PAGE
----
actuarial method of determining the potential liability, which is more
consistent with U.S. railway accounting, RBC said.  In Canada, workers
are covered for work-related health claims by no-fault provincially
administered workers' compensation plans, RBC added.

In the United States, railway workers are covered by the Federal
Employers' Liability Act, which was passed by the US Congress in 1908.
Under that legislation, workers can be compensated by their employers
when negligence can be shown, such as a failure to provide a safe
working environment.  The FELA legislation precludes punitive damage
awards, which have been part of larger settlements in other industries,
Morgan Stanley said.


COMPANY PROFILE

Canadian National Railway Company (NYSE: CNI)
935 de la GauchetiŠre St. West
Montreal, Quebec H3B 2M9, Canada
Phone: 514-399-5736
Fax: 514-399-3779
Toll Free: 888-888-5909
http://www.cn.ca

Employees                      : 22,668
Revenue                        : $3,428,000,000
Net Income                     : $457,000,000
Assets                         : $11,803,000,000
Liabilities                    : $7,806,000,000
(As of December 31, 2001)

Description: With tracks that stretch from Vancouver, British Columbia,
to Halifax, Nova Scotia, Canadian National Railway (CN Rail) is
Canada's #1 railroad.  The Company, which operates a network of nearly
18,000 route miles in Canada and the US, hauls freight such as forest
products, petroleum and chemicals, and grain and fertilizers.  CN Rail
operates 29 intermodal terminals and offers supply chain logistics and
distribution. It also links with six ports in Canada and three ports in
the US to provide overseas shipment of goods.  The Company plans to
acquire rail operators Ontario Northland Rail and BC Rail, both owned
by the Canadian government.


ASBESTOS ALERT: Gorman-Rupp, Subsidiaries Face Asbestos Related Suits
---------------------------------------------------------------------
Numerous business entities in the pump and fluid-handling industries
have been targeted in a series of lawsuits in several jurisdictions by
various individuals seeking redress to claimed injury as a result of
the entities' alleged use of asbestos in their products.

The Gorman-Rupp Company (AMEX: GRC) and two of its subsidiaries have
been drawn into this mass-scaled litigation, typically as one of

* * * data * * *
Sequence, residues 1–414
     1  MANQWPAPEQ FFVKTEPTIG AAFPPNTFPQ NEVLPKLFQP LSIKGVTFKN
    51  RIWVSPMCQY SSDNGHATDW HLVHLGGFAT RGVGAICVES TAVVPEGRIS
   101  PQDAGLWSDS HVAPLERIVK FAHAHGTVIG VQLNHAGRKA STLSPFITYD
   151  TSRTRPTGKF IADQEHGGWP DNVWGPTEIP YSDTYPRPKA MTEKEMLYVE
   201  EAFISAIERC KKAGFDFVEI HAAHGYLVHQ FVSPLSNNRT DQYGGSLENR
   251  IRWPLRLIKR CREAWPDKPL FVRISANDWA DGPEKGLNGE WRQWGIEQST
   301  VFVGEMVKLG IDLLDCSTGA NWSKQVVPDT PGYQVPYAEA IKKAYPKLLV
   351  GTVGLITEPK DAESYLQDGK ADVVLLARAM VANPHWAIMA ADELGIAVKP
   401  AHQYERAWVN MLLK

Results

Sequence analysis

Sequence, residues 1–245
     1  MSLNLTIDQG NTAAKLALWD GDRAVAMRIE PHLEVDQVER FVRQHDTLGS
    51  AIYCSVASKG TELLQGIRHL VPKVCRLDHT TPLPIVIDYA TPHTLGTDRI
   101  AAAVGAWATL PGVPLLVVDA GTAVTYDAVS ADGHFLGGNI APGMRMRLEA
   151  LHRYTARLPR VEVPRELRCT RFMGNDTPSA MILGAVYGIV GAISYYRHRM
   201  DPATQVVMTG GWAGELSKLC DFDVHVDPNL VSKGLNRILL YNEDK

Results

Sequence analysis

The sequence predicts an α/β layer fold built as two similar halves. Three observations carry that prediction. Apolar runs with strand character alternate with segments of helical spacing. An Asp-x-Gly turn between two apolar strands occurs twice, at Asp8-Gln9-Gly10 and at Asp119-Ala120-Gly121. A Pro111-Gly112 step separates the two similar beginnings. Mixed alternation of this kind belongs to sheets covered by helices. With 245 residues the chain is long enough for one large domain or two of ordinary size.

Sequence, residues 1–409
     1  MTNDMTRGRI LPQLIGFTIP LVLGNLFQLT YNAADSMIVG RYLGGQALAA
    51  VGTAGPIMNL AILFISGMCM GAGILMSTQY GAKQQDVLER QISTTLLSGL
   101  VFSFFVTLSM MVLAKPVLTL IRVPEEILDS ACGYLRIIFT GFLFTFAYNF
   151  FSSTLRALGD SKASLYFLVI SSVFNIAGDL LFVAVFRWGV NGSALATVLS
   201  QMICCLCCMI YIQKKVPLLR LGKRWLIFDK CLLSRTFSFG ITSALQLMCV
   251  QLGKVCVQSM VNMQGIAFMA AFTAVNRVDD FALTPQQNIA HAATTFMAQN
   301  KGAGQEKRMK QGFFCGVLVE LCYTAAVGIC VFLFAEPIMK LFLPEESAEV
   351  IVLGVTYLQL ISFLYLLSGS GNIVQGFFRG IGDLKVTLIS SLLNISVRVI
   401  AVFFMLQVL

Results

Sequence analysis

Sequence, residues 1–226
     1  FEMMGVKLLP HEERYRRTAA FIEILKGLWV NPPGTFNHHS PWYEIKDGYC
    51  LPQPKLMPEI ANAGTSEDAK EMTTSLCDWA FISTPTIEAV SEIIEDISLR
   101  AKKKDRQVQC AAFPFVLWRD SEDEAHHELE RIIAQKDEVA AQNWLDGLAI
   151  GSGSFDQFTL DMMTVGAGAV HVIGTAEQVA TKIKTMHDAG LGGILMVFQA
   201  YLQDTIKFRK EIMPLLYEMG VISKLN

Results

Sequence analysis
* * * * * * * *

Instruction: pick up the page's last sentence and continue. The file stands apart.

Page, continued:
hundreds of co-defendants in a particular proceeding.  The allegations
in the lawsuits involving the Company and/or its subsidiaries are
vague, general and speculative, and the cases have not advanced beyond
the early stage of discovery.  In certain situations, the plaintiffs
have voluntarily dismissed the Company and/or its subsidiaries from
some of the lawsuits after the plaintiffs have acknowledged that there
is no basis for their claims.  Insurers of the Company have engaged
legal counsel to represent the Company and its subsidiaries and to
protect their interests.

Management does not currently believe that these proceedings, or the
industry-wide asbestos litigation, will materially impact the Company's
results of operations, liquidity or financial condition.


COMPANY PROFILE

The Gorman-Rupp Company (AMEX: GRC)
305 Bowman St.
Mansfield, OH 44902
Phone: 419-755-1011
Fax: 419-755-1251
http://www.gormanrupp.com

Employees                  : 1,055
Revenue                    : $202,900,000
Net Income                 : $14,600,000
Assets                     : $148,100,000
Liabilities                : $40,200,000
(As of December 31, 2001)

Description: Gorman-Rupp makes a range of pump models used in
agriculture and construction work, sewage treatment, petroleum
refining, agriculture, and fire fighting.  Gorman-Rupp's pumps range in
size from 1/4- inch (one gallon per minute) to 84-inch (500,000 gallons
per minute).  Smaller pumps are used for dispensing soft drinks and
making ice cubes while large pumps find use in the refueling of
aircraft and boosting low water pressure in municipal and commercial
fresh water markets.  Gorman-Rupp sells mainly through about a thousand
distributors in the US (over 80% of sales) and Canada.


ASBESTOS ALERT: Washington Group Intl. Faces Asbestos Related Claims
--------------------------------------------------------------------
Washington Group International, Inc. (OTC: WGII) is a defendant in
various lawsuits resulting from allegations that third parties
sustained injuries and damage from the inhalation of asbestos fibers
contained in materials used in construction projects.  In addition,
based on proofs of claims filed with the court during the pendency of
its bankruptcy proceedings, Washington is aware of other potential
asbestos claims against it.

The company believes that it has substantial third party insurance
coverage for a significant portion of these existing and potential
claims, and remaining amounts will not have an adverse material impact
on its financial position, results of operations or cash flows.

While it expects that additional asbestos claims will be filed against
it in the future, it has no basis for estimating the number of claims
or individual or cumulative settlement amounts and, accordingly, no
provision has been made for future claims.


COMPANY PROFILE

Washington Group International, Inc. (OTC: WGII)
Morrision Knudsen Plaza, 720 Park Blvd.
Boise, ID 83729
Phone: 208-386-5000
Fax: 208-386-7186

Employees                      : 35,000
Revenue                        : $905,215,000
Net Income                     : $9,272,000
Assets                         : $1,600,022,000
Liabilities                    : $1,015,722,000
(As of September 27, 2002)

Description: Washington Group International remains one of the largest
US construction and engineering firms, even after a stint with
bankruptcy.  It provides design and construction services for projects
such as bridges, highways, manufacturing plants, mining, nuclear
facilities, pipelines, power facilities, and railroads; it also
operates mines and provides environmental management services.  The